In verse 11 of our text we see Paul refer to the charge that he himself had preached circumcision. Obviously, before he came to faith in Christ he did preach circumcision — he was a Hebrew of Hebrews. He was advancing in the ranks of the Pharisees. He was a strict adherent to the Law of Moses. But in this passage it seems that Paul is answering a charge that has been brought against him in his present situation. Perhaps the false teacher or teachers were saying something to the effect that Paul had been corrected in his doctrine and is now preaching the same gospel (which is not a gospel) that the Judaizers were now preaching to the Galatians. Paul argues that if he was preaching this false gospel then there would be no reason for him to be persecuted the way he is. The fact that he continues to be persecuted demonstrates that he is continuing to preach the true message of the gospel. He continues to preach the message of the cross and the empty tomb which an offense to those who are outside of Christ.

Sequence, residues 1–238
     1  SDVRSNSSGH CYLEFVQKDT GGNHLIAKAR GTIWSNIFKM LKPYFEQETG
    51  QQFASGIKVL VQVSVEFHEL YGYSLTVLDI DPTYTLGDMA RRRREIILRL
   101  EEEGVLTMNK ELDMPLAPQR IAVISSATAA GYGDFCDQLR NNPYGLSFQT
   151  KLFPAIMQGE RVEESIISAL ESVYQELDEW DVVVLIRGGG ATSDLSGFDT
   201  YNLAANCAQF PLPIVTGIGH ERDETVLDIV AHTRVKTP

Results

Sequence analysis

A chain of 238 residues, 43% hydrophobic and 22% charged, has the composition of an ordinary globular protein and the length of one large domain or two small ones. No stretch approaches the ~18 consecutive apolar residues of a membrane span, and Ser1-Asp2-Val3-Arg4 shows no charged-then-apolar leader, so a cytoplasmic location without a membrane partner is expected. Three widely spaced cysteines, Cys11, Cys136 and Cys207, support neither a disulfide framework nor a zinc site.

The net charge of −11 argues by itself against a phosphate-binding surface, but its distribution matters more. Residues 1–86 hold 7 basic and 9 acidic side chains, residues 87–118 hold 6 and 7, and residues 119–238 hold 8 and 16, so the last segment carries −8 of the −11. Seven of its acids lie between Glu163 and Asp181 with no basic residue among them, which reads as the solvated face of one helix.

OFFENDED BY THE CROSS
OFFENDED BY THE CROSS
I have often wondered why it is that some people are offended by the cross of Christ. Because I came to Christ as a young child, and I grew up in a Christian home I haven’t had the experience that some of you may have had before coming to faith in Christ. Though we who are believers, in present times, cherish the old rugged cross, in the first century the cross carried far different connotations.